The agreement to curb migrant flows from Turkey to the European Union, which has attracted strong criticism from humanitarian groups, should be replicated with African nations, Italian Prime Minister Matteo Renzi said Saturday.
The EU has offered Ankara 3 billion euros (3.4 billion dollars) to accept the repatriation of migrants who land in Greece. In return, the EU has pledged to take in Syrians still in Turkey.
"Albeit agreed in an emergency situation and hence perfectible," the agreement "should not remain a one-off case," Renzi wrote in a letter to EU leaders dated Friday, published a day later on his government's website.
If that were not to happen, "we would be witnessing an imbalance in terms of resources and political capital employed in one geographical area compared to other areas that are no less important when tackling the issue of migration," the Italian premier said.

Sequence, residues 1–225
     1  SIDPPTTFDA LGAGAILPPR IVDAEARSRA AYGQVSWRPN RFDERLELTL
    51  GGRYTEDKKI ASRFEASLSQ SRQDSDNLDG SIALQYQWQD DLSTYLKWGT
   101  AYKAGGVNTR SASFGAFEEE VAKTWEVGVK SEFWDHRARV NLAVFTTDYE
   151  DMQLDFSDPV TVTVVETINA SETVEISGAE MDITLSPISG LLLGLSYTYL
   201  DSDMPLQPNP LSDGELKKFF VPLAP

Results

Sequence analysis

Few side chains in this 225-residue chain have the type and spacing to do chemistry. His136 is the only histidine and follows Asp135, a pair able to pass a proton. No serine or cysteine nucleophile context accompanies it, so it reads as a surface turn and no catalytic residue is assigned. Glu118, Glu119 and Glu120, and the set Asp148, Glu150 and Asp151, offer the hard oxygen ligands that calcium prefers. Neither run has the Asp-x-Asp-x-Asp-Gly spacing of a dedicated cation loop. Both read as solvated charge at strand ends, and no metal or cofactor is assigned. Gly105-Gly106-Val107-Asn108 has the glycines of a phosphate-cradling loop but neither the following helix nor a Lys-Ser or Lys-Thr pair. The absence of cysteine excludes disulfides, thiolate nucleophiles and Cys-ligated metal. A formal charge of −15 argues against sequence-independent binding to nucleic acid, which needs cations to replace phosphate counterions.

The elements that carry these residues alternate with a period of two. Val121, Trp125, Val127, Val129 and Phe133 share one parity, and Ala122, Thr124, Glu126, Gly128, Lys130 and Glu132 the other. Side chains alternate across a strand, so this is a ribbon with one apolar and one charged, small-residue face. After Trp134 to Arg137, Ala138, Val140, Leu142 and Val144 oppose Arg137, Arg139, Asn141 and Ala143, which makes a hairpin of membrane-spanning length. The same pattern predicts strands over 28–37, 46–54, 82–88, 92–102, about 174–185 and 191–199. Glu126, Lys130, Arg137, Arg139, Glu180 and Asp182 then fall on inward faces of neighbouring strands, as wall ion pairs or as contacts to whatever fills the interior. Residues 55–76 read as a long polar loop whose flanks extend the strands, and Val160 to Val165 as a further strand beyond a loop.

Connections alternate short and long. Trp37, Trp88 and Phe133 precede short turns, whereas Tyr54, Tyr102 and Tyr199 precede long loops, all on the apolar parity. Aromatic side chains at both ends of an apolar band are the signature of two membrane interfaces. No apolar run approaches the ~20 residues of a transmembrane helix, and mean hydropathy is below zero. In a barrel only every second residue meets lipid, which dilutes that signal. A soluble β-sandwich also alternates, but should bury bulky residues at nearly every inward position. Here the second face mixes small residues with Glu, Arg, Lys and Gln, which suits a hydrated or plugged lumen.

Renzi's letter presented a separate four-page "Migration Compact" in which the Italian government opened up to EU debate several ideas, including issuing EU bonds to finance the cost of the migration crisis both in Africa and Europe.
The paper suggested that the EU could offer African nations money, as well as entry quotas for workers, students and researchers, in return for them tightening border controls with the help of on-the-ground EU police missions, all "in line with international standards."
Flagging Libya as a priority, it proposed stretching the mandate of the EU naval operation in the Mediterranean, known as Eunavfor Med Sophia, to train the Libyan coastguard, and deploying another mission to advise Tripoli on police, justice, terrorism and migration matters.
Warning that the migration crisis "threatens the foundations" of the EU, Renzi said the bloc was responding with "sometimes not adequately motivated" national border closures, and a "widespread refusal to sharing the burden of this huge challenge."